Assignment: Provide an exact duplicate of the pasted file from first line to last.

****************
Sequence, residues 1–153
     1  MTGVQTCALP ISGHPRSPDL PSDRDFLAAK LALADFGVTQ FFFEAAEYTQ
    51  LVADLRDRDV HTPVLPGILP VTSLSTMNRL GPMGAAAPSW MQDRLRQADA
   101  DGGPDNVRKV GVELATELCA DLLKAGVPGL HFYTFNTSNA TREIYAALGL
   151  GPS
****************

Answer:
Sequence, residues 1–153
     1  MTGVQTCALP ISGHPRSPDL PSDRDFLAAK LALADFGVTQ FFFEAAEYTQ
    51  LVADLRDRDV HTPVLPGILP VTSLSTMNRL GPMGAAAPSW MQDRLRQADA
   101  DGGPDNVRKV GVELATELCA DLLKAGVPGL HFYTFNTSNA TREIYAALGL
   151  GPS